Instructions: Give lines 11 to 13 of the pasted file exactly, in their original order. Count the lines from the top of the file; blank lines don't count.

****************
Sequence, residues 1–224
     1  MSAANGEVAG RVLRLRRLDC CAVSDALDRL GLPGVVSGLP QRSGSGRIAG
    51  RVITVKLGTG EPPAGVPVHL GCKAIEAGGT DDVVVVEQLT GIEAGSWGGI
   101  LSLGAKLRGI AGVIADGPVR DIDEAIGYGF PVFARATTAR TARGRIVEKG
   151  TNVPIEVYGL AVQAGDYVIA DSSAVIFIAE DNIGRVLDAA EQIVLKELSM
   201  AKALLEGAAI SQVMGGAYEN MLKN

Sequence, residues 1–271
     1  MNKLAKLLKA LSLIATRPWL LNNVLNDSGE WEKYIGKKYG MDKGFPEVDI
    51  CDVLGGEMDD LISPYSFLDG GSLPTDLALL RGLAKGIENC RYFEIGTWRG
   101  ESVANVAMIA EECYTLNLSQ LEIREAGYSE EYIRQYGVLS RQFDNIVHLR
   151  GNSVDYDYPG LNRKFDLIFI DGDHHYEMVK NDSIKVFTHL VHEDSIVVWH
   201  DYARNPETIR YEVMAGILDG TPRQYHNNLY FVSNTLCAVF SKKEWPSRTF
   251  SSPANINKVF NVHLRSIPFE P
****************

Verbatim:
   151  GNSVDYDYPG LNRKFDLIFI DGDHHYEMVK NDSIKVFTHL VHEDSIVVWH
   201  DYARNPETIR YEVMAGILDG TPRQYHNNLY FVSNTLCAVF SKKEWPSRTF
   251  SSPANINKVF NVHLRSIPFE P